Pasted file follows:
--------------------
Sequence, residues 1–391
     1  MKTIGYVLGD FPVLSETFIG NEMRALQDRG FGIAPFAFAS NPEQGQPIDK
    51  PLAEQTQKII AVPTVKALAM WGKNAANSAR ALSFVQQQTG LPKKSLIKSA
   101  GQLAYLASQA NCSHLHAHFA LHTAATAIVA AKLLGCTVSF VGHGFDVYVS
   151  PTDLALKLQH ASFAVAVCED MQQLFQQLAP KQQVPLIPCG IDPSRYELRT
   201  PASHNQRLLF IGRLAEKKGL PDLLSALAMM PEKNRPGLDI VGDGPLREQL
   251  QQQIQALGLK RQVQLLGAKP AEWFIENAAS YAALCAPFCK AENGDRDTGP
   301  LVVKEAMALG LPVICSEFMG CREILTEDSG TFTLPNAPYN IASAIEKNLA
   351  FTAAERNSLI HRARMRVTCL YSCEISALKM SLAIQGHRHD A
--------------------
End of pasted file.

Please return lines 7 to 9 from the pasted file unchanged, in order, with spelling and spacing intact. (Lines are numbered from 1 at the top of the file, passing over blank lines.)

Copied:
   251  QQQIQALGLK RQVQLLGAKP AEWFIENAAS YAALCAPFCK AENGDRDTGP
   301  LVVKEAMALG LPVICSEFMG CREILTEDSG TFTLPNAPYN IASAIEKNLA
   351  FTAAERNSLI HRARMRVTCL YSCEISALKM SLAIQGHRHD A